Face Value By Lukas Rittwage
The automobile sector is witnessing rapid advancements today. Right from being environmental friendly to user friendly the graph is constantly on the upside. Recently an attempt was made by Lukas Rittwage from Hochshule Anhalt (FH), Germany to incorporate emotional value in automobiles as he believed that usually as technology grew emotional touch waned down. Christened Free Value, his car was an attempt to seek a fine balance between quality, ergonomics and comfort vis a vis the human senses and emotions.
Four-wheelers are prized today not just for the status symbol they afford but also the privacy they provide. As humans drift towards the future it is therefore important that in addition to these the automobiles take into account the emotional baggage as well as the sensory awareness of the rider so as to transform as the rider’s genuine extension.
Hence Rittwage using graphical tools designed an automotive concept that was based around cost-effectiveness, functionality and ergonomics with the rider at the core. Based on extensive and exhaustive research, Rittwage came to the conclusion that cars could be made to emote like humans especially with careful frontal designing.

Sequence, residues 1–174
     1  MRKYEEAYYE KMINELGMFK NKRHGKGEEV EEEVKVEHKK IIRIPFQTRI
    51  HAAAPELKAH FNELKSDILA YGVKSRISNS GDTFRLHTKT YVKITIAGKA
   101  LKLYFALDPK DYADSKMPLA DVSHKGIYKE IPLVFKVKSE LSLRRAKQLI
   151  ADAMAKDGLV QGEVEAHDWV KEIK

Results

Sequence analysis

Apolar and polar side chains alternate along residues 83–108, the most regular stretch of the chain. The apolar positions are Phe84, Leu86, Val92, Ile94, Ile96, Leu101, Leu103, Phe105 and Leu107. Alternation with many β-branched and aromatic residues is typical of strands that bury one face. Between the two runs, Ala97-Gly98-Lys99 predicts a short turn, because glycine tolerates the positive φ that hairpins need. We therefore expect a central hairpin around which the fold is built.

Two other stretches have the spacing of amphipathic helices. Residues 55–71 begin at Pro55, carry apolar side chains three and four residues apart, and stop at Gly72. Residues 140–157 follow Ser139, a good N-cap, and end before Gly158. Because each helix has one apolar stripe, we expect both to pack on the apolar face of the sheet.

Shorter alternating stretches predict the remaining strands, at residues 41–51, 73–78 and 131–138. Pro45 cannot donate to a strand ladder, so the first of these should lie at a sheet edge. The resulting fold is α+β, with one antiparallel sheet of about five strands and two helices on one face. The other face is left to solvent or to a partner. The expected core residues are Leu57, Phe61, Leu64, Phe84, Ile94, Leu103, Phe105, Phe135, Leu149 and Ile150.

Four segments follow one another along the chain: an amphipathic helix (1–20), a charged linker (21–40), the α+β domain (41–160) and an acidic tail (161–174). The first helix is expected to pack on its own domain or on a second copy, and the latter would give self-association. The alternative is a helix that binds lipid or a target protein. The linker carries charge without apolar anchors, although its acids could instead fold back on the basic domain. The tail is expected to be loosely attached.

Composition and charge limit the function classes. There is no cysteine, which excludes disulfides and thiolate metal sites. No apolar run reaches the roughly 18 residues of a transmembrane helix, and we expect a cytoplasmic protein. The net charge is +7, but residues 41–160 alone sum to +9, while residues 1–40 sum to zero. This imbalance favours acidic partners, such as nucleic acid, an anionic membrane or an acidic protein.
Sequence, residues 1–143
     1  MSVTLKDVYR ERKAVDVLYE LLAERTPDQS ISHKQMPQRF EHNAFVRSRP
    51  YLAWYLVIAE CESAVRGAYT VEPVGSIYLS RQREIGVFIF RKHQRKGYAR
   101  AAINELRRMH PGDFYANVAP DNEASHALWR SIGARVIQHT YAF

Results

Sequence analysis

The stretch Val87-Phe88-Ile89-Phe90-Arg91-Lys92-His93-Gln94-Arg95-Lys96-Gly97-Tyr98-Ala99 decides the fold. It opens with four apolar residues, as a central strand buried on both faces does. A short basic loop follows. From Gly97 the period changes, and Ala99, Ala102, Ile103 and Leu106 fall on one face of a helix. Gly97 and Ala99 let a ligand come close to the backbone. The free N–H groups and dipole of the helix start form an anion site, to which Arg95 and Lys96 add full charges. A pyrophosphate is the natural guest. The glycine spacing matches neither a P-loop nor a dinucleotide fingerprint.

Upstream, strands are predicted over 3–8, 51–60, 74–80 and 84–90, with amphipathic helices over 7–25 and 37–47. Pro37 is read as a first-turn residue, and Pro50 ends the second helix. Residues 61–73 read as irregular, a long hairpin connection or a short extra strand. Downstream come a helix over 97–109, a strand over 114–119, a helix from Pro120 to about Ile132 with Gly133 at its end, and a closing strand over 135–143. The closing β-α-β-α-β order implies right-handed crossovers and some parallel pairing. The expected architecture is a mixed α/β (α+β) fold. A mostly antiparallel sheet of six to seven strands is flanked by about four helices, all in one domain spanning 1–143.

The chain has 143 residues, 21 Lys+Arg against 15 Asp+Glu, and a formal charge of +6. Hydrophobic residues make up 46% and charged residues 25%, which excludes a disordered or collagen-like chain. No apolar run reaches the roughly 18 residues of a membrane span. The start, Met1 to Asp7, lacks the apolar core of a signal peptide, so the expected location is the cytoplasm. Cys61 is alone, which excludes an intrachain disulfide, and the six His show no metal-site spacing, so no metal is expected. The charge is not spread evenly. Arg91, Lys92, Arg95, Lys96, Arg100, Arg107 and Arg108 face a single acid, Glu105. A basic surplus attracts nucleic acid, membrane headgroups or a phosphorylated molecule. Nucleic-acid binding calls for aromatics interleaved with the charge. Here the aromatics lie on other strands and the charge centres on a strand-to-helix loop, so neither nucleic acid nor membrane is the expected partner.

His resultant design therefore laid chief emphasis on LED lighting which he believed could give the automobile a face that could showcase emotions based on the input of information, signals and emotions from the rider. The frontal design of Face Value which hence incorporated a range of emotions using just LED strips in addition to other minute details could be directed by the movement and stress of the deformed target.
No doubt this designing would portray a four wheeler with a much humanistic appearance when in traffic, but it would also help the rider avail a better sense of security in his private world (read the car), as the technology could help him emote better with the car, which he could genuinely refer to as a true extension of self. Lets also hope that futuristic travel would bring back the human touch which has somewhat been lost today.
Designer: Lukas Rittwage | Source: AutoMotto.com